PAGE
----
My introduction to the animal industry was volunteering for the RSPCA. I volunteered my time to get away from the stress and boredom of studying my double degree in business and commerce (yuck!). My dedication to the volunteer work led to a paid position in the shelter, working in the boarding and prosecution divisions.
I found my passion caring for abused and neglected dogs that came into the shelter. We would look after them sometimes for a year or longer as they awaited court proceedings. Witnessing dogs transition from completely shut down to showing off their individual quirks and getting excited to see us, made my heart sing. There were also dogs that I wasn’t able to befriend fully, these dogs intrigued me. Sadly, despite our best efforts to fix these dogs, when it came to passing the adoptability test, it wasn’t always a positive outcome. Over time this wore me down emotionally. I desperately wanted to change these outcomes, but knew I needed to gather more knowledge and experience, so I parted ways with my beloved shelter animals.
For a change of pace, I entered the dog daycare industry. Still passionate about building confidence and trust in dogs, I quickly became known for helping shy/misunderstood dogs come out of their shells. I would get such a kick out of their transformations! By working here, I was introduced to professional dog trainers bringing in business cards and training equipment. Finding out I could actually help dogs as a career, I quickly enrolled in the Certificate Three in Dog Training and Behaviour through the National Dog Trainers Federation.
My view on the role of a dog trainer changed dramatically when I met Scott McGuinness (Canine Connect) and Cat Saunders (the K9 Company). I naively looked at the job as training and fixing dogs. Sure, that was a ¼ of it, but after listening to Scott and Cat, I realised the integral part of being a successful dog trainer, was to motivate and communicate with clients, effectively. This scared the shit out of me!
I had never had ANY intentions of being a teacher of ANY subject. I couldn’t explain things. I’m an awkward introvert! I open up with my close friends and family, but I had always struggled to hold conversations with people I didn’t know.
All of a sudden I was employed by Canine Connect as a dog trainer in which I was handed a lot of confidence and responsibility. I had no idea how or if I was capable of becoming a good trainer for the company.
Through Canine Connect, I was privileged to meet and learn from various amazing national and international dog trainers. I was learning and applying loads about dog behaviour, but I became less confident with my ability to instruct clients with their dogs. All I could see were these proficient communicators surrounding me, and it really highlighted my weaknesses.
I started to get in my own way, I didn’t think I was ever going to be good enough to help people with their dogs in the way I desperately wanted to, purely because of my own anxiety. It’s an awful feeling when you have so much desire to help, but your anxiety and confidence gets in the way of being able to communicate your knowledge effectively.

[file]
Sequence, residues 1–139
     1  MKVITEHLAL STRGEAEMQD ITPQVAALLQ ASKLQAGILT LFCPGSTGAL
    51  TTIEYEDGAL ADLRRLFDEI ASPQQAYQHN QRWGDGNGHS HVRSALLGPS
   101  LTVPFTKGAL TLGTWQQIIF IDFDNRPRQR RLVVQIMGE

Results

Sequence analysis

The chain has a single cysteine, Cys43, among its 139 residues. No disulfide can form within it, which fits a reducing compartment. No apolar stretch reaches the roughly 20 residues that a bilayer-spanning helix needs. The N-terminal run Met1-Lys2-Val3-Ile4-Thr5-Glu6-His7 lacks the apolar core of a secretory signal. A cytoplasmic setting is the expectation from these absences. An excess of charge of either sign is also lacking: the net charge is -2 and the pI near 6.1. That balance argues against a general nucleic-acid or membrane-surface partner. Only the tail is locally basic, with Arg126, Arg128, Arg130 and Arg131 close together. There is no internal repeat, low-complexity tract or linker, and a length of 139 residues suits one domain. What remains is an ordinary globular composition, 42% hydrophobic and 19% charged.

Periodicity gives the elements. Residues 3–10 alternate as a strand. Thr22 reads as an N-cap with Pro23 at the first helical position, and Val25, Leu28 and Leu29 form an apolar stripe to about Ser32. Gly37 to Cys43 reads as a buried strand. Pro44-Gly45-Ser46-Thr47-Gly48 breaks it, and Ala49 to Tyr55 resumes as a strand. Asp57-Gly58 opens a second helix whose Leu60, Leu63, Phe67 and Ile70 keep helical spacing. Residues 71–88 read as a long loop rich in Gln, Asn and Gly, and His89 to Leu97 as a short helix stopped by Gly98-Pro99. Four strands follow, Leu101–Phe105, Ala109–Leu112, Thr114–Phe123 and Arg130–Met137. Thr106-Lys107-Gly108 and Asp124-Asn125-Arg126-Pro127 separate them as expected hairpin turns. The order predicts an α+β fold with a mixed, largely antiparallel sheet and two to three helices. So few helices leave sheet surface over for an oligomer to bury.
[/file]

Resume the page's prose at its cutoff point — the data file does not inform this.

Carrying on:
As time went on, the thought of speaking to people one on one made me incredibly anxious to the point of feeling sick, let alone the thought of addressing a big group of people. It was getting worse. I would work myself up into such a state of anxiety when I knew I had to speak with clients. By the time it came to speaking to them, my brain would freeze, my knowledge would disappear and I would fumble my way through it.
I had become so resentful towards myself, that I had to take a step back from dog training and try something different. As heartbreaking as it was to turn away from my true passion, the break away from it was the best thing I ever did for myself.
For the last year, I have been focusing on bettering my own confidence and communication. I’ve always been so invested in helping the owner or the dog that I had neglected to take care of my relationship with myself and close ones around me.
I’ve learnt that I need to be comfortable with being uncomfortable. Pushing myself out of my comfort zone is the only way for me to grow as a person. By setting little challenges that took me out of my safe space, I started to grow. This process was very similar to the small challenges I would set my training dogs to build confidence or conquer fears. Just like the dogs that built confidence, I feel better about myself and my abilities to liaise with clients.
I’m still a work in progress and always will be. However, now I have a better understanding of who I am and the trainer I want to be. By being authentic and embracing my quirks, I’m more relatable to clients which in turn creates a better trainer/client relationship.
I have a lot to be thankful for including my love for animals particularly my best mate Ruskee. These loves combined have motivated me to pursue the BEST job ever. Ruskee’s unwavering loyalty and support has comforted me through some really low times, but has also pushed me to find my way out. I wouldn’t be where I am today if it wasn’t for Canine Connect having the faith in me to come on board as a trainer. I also wouldn’t be the person I am with the qualities that I have, if I wasn’t a dog trainer.